Study: Red Onions Kill Cancer Cells

June 15, 2017

Sitting down for dinner? Extra red onions, please.

This may become a new mantra for those wanting to stave off cancer, according to a new study from Canadian researchers.

Five types of Ontario-grown onions were tested for their effectiveness at destroying cancer cells, and researchers from the University of Guelph found that one variety beat out the rest: the Ruby ring onion.

Onions contain one of the highest concentrations of the flavonoid quercetin, and Ontario onions contain especially high levels, compared to other regions around the globe. Flavonoids are found in almost all fruits and vegetables and are one of the reasons for their vibrant colors.  Flavonoids, which are strong antioxidants and have anti-inflammatory and immune system benefits, have been singled out by scientists as a potential explanation for some of the health benefits linked to fruit and vegetable-rich diets.

For the study, published in Food Research International, the scientists extracted quercetin from five different onion types and put them in direct contact with colon cancer cells.

“We found onions are excellent at killing cancer cells,” Abulmonem Murayyan, a Ph.D., student and lead study author, said in a prepared statement. “Onions activate pathways that encourage cancer cells to undergo cell death.  They promote an unfavorable environment for cancer cells and they disrupt communication between cancer cells, which inhibits growth.”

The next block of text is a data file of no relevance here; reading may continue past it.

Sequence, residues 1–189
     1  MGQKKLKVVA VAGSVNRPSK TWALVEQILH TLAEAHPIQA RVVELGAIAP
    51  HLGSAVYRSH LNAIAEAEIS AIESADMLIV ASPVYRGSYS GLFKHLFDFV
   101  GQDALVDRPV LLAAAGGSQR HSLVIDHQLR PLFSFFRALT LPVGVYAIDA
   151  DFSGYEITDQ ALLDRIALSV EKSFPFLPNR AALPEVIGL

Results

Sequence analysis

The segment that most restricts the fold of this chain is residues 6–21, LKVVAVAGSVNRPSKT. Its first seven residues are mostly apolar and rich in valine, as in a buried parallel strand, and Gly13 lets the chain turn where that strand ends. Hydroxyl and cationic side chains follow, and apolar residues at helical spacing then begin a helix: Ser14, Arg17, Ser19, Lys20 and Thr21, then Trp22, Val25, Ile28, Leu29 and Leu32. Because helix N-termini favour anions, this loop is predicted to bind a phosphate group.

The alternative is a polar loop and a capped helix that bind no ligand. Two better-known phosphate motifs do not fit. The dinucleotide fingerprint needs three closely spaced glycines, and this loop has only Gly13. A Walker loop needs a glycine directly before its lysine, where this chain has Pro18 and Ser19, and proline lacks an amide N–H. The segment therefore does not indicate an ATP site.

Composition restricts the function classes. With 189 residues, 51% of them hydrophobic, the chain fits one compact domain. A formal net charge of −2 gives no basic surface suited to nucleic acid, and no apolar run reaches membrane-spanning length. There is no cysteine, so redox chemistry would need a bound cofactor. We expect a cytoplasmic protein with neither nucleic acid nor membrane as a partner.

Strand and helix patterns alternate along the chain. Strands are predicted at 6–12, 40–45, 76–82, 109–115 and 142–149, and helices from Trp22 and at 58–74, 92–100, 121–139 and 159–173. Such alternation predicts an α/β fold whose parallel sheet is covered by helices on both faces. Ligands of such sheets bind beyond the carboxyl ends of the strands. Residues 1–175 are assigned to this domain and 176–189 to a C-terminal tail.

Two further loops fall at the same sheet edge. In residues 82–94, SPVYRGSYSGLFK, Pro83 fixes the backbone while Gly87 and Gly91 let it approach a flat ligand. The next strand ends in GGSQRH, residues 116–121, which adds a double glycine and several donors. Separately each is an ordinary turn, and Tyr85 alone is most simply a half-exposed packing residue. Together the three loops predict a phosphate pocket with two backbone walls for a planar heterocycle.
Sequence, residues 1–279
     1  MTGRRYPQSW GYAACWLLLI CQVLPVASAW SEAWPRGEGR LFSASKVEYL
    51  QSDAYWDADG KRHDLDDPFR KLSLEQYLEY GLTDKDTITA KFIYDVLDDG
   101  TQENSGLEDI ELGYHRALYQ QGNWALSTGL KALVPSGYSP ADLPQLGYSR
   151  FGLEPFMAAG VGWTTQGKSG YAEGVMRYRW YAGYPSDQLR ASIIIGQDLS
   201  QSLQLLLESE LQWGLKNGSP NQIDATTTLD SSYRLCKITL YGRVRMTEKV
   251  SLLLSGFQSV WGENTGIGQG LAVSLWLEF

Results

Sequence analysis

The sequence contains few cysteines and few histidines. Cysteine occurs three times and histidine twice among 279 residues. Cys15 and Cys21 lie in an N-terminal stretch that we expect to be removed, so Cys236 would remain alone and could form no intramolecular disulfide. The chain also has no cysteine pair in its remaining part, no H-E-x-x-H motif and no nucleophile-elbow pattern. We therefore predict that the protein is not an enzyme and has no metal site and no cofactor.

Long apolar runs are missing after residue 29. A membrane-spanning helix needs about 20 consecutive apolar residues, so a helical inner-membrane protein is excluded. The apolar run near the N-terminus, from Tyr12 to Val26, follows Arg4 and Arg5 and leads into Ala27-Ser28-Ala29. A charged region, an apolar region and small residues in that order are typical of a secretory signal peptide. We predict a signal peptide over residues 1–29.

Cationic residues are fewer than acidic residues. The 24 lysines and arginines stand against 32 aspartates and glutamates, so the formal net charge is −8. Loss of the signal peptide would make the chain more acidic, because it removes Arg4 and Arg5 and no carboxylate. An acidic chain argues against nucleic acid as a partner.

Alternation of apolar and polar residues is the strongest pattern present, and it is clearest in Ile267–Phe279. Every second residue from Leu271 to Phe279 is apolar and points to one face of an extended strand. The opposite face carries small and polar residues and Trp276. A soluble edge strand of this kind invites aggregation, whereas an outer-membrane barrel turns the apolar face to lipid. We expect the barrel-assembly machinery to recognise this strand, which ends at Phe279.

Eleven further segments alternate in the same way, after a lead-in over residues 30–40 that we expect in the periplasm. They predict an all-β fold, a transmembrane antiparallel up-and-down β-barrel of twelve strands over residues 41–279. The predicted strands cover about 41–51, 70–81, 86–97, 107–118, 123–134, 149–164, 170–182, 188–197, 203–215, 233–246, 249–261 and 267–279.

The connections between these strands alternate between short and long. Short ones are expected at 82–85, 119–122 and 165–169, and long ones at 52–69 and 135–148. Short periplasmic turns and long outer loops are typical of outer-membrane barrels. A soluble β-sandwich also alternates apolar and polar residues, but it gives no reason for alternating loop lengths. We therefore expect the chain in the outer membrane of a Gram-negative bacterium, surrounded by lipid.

In addition, the team discovered the red onion also contains high amounts of anthocyanin, “which enriches the scavenging properties of quercetin molecules,” Murayyan said.

The onions also had cancer-fighting properties against breast cancer cells, the researchers found.

A new extraction technique was used that removes the need for chemicals, making the quercetin better for consumption.  Other methods involved solvents that can leave toxic residue that is not good to ingest.

“This new method that we tested to be effective only uses super-heated water in a pressurized container,” Suresh Neethirajan, engineering professor, said in a statement. “Developing a chemical-free extraction method is important because it means we can use onion’s cancer-fighting properties in nutraceuticals and in pill form.”

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